Parents Get Insulin-Pump Tattoos To Support Diabetic Child
Not to be stuck in 2004 or anything, but remember that episode of Sex and the City where a cancer-stricken Samantha Jones shaves her head and her boyfriend Smith shows his support by doing the same? Yeah, that scene moved me big time. In real life, a Quebec mom and dad have taken their show of solidarity one step further. Philippe Aumond and Camille Boivin got an insulin pump tattooed on their abdomens to show that they are “forever linked” to their son Jacob, who has Type 1 diabetes.
It’s not the most conventional choice but it’s certainly powerful. Jacob, 5, was diagnosed with Type 1 diabetes at age three and a half. At the time, he was given five injections each day to stabilize his blood sugar levels. Those were soon replaced with an insulin pump, which automatically calculates how much insulin to provide, and which he wears 24/7.
“He adapted pretty quick, but one time he told me that he felt different and he was wondering if he was alone in the world, you know, wearing a pump,” Boivin told The Canadian Press. “He was four at the time, so he wants to be like everyone else.”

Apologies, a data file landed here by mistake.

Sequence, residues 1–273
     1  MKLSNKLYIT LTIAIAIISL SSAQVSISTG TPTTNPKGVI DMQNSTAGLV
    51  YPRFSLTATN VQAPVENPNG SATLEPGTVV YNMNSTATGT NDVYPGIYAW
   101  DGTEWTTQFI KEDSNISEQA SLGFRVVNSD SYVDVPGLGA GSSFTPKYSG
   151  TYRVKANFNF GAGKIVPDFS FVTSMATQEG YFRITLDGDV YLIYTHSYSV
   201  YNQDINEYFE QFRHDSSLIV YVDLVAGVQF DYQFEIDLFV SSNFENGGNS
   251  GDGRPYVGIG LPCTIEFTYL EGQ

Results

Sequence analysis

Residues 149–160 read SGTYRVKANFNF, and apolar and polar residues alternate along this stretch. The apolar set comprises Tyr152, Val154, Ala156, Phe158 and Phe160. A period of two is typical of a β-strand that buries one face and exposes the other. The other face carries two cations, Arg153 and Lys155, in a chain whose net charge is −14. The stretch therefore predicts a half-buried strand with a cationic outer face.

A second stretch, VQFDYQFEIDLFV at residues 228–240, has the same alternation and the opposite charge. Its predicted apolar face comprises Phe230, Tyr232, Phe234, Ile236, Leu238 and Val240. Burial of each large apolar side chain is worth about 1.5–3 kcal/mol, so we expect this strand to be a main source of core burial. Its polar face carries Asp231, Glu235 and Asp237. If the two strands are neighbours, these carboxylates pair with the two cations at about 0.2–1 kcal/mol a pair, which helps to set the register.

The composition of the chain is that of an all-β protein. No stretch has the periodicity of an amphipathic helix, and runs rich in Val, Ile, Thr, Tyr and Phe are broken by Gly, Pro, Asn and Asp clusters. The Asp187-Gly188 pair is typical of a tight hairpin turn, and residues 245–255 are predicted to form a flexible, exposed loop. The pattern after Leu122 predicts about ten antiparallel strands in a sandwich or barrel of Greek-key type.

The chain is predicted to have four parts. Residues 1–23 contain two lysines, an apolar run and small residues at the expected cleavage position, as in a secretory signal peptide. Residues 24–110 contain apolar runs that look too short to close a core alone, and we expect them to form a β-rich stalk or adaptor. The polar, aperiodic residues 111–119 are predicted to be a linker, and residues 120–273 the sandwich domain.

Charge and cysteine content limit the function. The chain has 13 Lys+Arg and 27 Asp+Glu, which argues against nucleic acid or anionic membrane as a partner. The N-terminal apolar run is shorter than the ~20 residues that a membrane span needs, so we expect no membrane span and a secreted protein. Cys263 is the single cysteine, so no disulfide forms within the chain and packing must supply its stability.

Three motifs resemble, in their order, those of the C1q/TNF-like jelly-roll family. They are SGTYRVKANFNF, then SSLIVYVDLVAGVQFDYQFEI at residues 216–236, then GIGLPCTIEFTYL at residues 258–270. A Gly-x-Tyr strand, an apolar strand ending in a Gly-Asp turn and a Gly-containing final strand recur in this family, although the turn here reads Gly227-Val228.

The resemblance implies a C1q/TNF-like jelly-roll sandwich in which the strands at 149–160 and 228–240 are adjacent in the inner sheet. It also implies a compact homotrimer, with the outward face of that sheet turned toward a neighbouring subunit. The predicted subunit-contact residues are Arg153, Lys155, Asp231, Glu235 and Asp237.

Boivin explained that she and her husband opted for tattoos “because no parents want to have their child feel left out or alone.” Jacob, of course, was thrilled. “Each time people talk to him about his pump, he always lifts up my shirt and says, ‘Look, my mom has one too.'”
The insulin pump cost Jacob’s family $6,800, plus $700 for a continuous glucose monitoring system (ongoing costs are $500/month). To help cover those costs, Boivin held a fundraiser in which she sold $5 wristbands with the words “Together for Jacob” written in French. She managed to raise more than $14,000, which she used towards the pump and three months’ worth of supplies. Boivin then gave the leftover money to another mother who needed a pump for her child, and to a summer camp for kids with diabetes.
She also created a blog and support group for parents that includes a “meet-up” weekend in the country (20 families participated this past summer and they plan to do it again next year). As Boivin explains, “We try to turn everything about diabetes as positive as possible.”
I just loved this story and am amazed by what wonderful role models these parents are to Jacob. It’s touching to see how they found such a creative way to make their child feel so loved and supported.